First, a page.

Friday, 25 March 2011

Sean- voice over script

Sean- voice over

I’ve never thought of myself as a particularly lucky guy
Poker’s a game where luck can come in pretty handy. Take a look (shows his hand of two Aces). But believe it or not this isn’t the type of place I tend to visit often or at all for that matter. First of all, take a look at my fine co-players
That’s Eddy, he’s the ‘Boss’ around here, nothing happens without his say so...He’s quite the poker Player.
This Guy’s Tommy, he’s the muscle for Eddy’s operation, an expert at making people’s life a misery.
As for the others at the table, they’re relatively small fish, most of them junkies and gamblers in debt to the big man, especially the woman; she’s a piece of work.
 In fact, I’ve never met any of these people in my life before, thankfully. They’re not your average upstanding citizen.

You see, I come from a pretty normal background, at school I wasn’t exactly a genius, but I wasn’t thick either. I wasn’t the coolest kid around but I wasn’t a loser either. I was normal. But there was one thing in life that I loved. The army, it was my life. I was a rifleman in Afghanistan, and served 2 tours of duty. And I was good (Trails off)
But I was wounded in the shoulder during operations in the Helmand province; perhaps you’d like to see it

But I guess all good things come to an end. After that the army gave me a leaving present of a disability payment and an inability to work,

Wednesday, 16 March 2011

Shooting diary- Desert/Afganistan scene

Today we filmed a very short section of the film which will occur in one of Shaun's flashbacks - the shot is a point of view shot of Shaun running in Afghanistan and then falling back as the explosion goes off (an effect we will place in editing) to show how he injured himself. We used the location of the Verwood Sand hills as the setting looks fairly similar to the Middle East desert and it will be easy to adapt the colour/contrast settings in Adobe Premier pro. We cannot be too sure how the outcome will be until it is imported but we are hopeful that we can create the mise-en-scene of a war ridden Afghanistan - largely relying on the success of the explosion effect. We used a single camera, handheld and ran with it holding it at eye level to create the shot.

Filming day 2

Using the Re-Shoot Shooting Script we were able to film most of the shots that weren't of a good enough standard from the initial filming day. Continuity was a big obstacle - we had to attempt to recreate the same mise-en-scene that we had in the initial shots which was achievable in terms of the set and lighting however we couldn't control actor's appearance, but tried to mask this as best we could. To achieve the same lighting we used a loft light on the top of the door to bring up the light levels as it was naturally darker on the latter filming day. To have the drinks, chips and set in the right place we took several screenshots from the current edit and used this to re-create the set and urged our actors to endeavour to bring the same costume and with some characters grow their beard to a similar level for a more convincing verisimilitude. However, hair length was subtly different and one of our characters lost the black tie he wore in the initial filming and the best we could do was a black tie with white stripes. So varying hair lengths weren't scrutinised we took some shots of the character ruffling/re-arranging his hair to create the illusion that it is merely in a different position opposed to a different length. Overall we are happy with the shots and will look to further the editing and record the narration - we may have to expand the script to coincide with the footage.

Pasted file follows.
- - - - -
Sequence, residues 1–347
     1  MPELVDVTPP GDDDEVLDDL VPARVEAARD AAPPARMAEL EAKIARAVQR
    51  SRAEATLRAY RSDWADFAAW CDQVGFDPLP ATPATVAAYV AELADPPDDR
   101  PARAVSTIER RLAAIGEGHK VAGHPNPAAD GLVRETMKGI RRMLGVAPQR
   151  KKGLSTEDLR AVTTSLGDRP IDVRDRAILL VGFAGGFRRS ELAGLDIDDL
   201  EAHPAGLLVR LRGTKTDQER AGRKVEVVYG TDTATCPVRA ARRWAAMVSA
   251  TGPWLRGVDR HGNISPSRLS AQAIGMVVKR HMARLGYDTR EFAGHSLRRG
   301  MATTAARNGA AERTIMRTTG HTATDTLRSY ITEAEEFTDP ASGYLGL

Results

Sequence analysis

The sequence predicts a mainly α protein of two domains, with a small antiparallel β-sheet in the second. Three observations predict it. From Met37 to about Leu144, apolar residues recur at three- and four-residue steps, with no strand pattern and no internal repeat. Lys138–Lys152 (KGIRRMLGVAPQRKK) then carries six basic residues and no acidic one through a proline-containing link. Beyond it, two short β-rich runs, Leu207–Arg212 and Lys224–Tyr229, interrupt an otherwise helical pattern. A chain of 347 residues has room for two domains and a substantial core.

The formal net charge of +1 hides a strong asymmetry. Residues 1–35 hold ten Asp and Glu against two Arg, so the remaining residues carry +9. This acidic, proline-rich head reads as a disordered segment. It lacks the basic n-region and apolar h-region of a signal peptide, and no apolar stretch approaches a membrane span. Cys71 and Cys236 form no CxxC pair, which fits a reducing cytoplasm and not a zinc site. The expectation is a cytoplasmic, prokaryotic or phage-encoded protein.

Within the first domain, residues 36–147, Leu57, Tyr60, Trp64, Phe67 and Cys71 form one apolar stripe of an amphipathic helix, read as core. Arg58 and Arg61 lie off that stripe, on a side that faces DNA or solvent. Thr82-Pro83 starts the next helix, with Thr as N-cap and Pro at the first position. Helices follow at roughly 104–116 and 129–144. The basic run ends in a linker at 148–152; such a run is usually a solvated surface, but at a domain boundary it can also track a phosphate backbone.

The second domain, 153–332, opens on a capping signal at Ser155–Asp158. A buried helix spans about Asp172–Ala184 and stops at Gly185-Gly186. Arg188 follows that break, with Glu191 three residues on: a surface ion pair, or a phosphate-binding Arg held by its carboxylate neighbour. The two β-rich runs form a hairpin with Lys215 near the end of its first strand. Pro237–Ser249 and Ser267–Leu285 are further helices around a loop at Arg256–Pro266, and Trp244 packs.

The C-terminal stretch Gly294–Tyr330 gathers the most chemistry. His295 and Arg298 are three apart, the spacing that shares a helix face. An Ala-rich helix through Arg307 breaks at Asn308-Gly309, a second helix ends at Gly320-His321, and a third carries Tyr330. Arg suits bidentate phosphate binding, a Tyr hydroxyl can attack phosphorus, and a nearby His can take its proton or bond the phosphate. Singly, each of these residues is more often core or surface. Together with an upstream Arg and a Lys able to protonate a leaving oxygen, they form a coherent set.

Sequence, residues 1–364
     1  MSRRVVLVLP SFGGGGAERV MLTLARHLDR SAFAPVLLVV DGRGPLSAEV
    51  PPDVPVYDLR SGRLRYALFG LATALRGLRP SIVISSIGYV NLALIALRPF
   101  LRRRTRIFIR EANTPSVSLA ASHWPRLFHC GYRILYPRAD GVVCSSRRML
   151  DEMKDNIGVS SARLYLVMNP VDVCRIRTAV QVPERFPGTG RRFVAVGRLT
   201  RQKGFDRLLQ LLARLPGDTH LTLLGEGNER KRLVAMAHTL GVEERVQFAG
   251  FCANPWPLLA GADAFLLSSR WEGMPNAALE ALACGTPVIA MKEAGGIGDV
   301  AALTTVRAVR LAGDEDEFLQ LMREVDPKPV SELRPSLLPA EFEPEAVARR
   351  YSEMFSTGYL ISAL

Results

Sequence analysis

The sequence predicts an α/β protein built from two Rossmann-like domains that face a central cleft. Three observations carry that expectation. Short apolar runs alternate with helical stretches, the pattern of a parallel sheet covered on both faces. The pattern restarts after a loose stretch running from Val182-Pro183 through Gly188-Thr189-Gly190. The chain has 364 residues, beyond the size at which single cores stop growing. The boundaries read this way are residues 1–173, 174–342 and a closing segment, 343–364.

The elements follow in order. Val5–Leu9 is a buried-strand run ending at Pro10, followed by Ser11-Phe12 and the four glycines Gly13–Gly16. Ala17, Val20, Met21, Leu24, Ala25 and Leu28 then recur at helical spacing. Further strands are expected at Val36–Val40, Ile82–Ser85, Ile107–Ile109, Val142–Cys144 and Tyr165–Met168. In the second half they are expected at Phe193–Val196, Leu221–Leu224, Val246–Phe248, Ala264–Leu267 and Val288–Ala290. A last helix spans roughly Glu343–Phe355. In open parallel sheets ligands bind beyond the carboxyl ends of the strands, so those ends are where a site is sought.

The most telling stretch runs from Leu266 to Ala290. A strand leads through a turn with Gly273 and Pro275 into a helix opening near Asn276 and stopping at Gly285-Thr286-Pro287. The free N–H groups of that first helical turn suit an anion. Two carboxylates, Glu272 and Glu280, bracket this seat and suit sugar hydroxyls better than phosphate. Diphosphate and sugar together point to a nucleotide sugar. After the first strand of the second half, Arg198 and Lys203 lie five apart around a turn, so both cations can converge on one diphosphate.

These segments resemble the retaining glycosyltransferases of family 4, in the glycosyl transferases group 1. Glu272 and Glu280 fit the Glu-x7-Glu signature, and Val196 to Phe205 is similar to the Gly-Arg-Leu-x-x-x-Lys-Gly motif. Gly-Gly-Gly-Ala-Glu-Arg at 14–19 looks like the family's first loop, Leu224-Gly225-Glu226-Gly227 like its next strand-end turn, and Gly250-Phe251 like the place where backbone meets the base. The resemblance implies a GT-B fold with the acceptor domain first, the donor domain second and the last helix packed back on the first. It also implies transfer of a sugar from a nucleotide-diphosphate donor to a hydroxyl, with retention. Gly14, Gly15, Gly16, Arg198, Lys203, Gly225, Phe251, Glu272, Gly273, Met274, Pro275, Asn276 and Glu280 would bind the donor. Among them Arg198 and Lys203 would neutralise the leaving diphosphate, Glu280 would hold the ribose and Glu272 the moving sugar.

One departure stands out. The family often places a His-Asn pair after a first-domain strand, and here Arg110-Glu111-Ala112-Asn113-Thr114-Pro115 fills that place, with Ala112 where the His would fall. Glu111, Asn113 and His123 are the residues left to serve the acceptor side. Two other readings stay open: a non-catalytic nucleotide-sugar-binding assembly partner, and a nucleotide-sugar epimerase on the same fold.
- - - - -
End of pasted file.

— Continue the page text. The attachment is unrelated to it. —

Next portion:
For the creation of the soundtrack for our film, we used a combination of musical instruments, including funky bass and drum, emotional piano, rock guitar. These were used in order to create a dramatic, emotional and suspense effect. We took the inspiration to create this music from such films like 'oceans eleven', as the story line follows the same genre as ours.

During the editing part of the production, we attempted to combine the change in beat of music coraponding with a change in shot, for example in the 'stop time' effect, the drum beat came in to signify that he has successfully cheated when looking at his opponents cards, as we felt that this created good effect

The voice over effect was vital in our film as it is the part of the minor amount of dialogue that is evident in 'face down'. To do this, we took the individual with the accent that sounded like he was from the London area, as we felt that this would be the type of environment that is typical in a dark, gangster film. The process was simple as the individual recorded himself reading the script using a voice recorder, from there we imported it onto Adobe Premier Pro. Where we then deleted the recordings that was unneeded, or the ones where mistakes were apparent, and then we corresponded the relevant recording to the correct point in the shot.